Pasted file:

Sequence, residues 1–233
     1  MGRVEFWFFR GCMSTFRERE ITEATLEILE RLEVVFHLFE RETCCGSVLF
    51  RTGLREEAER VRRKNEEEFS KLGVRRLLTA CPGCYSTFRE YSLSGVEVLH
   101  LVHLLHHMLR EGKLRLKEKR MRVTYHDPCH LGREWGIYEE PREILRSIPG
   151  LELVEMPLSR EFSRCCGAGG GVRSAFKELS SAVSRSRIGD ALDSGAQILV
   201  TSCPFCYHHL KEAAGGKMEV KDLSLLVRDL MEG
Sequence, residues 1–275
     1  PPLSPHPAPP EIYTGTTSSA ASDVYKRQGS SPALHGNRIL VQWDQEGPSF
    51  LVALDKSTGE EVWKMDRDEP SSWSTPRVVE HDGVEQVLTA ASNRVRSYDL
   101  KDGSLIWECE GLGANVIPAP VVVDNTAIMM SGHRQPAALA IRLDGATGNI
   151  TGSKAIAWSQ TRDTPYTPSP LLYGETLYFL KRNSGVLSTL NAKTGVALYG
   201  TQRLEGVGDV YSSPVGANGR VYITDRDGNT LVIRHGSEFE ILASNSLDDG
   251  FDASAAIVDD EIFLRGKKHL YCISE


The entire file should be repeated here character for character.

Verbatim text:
Sequence, residues 1–233
     1  MGRVEFWFFR GCMSTFRERE ITEATLEILE RLEVVFHLFE RETCCGSVLF
    51  RTGLREEAER VRRKNEEEFS KLGVRRLLTA CPGCYSTFRE YSLSGVEVLH
   101  LVHLLHHMLR EGKLRLKEKR MRVTYHDPCH LGREWGIYEE PREILRSIPG
   151  LELVEMPLSR EFSRCCGAGG GVRSAFKELS SAVSRSRIGD ALDSGAQILV
   201  TSCPFCYHHL KEAAGGKMEV KDLSLLVRDL MEG
Sequence, residues 1–275
     1  PPLSPHPAPP EIYTGTTSSA ASDVYKRQGS SPALHGNRIL VQWDQEGPSF
    51  LVALDKSTGE EVWKMDRDEP SSWSTPRVVE HDGVEQVLTA ASNRVRSYDL
   101  KDGSLIWECE GLGANVIPAP VVVDNTAIMM SGHRQPAALA IRLDGATGNI
   151  TGSKAIAWSQ TRDTPYTPSP LLYGETLYFL KRNSGVLSTL NAKTGVALYG
   201  TQRLEGVGDV YSSPVGANGR VYITDRDGNT LVIRHGSEFE ILASNSLDDG
   251  FDASAAIVDD EIFLRGKKHL YCISE